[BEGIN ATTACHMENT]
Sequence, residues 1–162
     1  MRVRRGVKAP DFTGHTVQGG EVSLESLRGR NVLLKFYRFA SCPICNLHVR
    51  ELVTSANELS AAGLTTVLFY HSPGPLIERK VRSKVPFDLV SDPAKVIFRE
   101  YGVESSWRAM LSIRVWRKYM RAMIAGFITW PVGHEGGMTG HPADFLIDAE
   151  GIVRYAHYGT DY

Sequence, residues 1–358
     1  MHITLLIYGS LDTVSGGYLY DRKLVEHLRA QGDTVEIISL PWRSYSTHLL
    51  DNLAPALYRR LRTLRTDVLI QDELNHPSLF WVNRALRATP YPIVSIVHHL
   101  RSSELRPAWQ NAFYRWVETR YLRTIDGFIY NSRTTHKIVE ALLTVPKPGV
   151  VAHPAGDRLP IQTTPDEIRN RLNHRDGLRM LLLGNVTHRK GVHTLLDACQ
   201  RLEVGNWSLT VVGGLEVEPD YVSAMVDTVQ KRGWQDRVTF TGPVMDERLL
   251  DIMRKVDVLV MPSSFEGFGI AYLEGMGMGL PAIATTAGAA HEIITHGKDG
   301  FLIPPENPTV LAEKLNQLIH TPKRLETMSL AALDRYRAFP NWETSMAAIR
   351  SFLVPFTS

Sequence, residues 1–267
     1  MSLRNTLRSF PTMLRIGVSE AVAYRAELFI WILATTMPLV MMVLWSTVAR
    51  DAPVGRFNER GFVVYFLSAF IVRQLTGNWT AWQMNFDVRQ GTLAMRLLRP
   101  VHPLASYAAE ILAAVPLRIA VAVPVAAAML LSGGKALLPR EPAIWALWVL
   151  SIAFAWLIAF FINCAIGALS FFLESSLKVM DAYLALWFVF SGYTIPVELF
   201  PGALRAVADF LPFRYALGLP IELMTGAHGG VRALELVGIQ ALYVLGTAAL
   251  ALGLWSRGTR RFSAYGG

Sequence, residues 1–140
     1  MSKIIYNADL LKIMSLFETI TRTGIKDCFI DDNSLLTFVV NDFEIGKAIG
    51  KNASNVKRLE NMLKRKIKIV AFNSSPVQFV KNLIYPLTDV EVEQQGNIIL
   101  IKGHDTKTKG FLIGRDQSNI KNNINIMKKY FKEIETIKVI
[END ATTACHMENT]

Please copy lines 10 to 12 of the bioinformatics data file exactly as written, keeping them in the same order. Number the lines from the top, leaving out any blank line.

   151  VAHPAGDRLP IQTTPDEIRN RLNHRDGLRM LLLGNVTHRK GVHTLLDACQ
   201  RLEVGNWSLT VVGGLEVEPD YVSAMVDTVQ KRGWQDRVTF TGPVMDERLL
   251  DIMRKVDVLV MPSSFEGFGI AYLEGMGMGL PAIATTAGAA HEIITHGKDG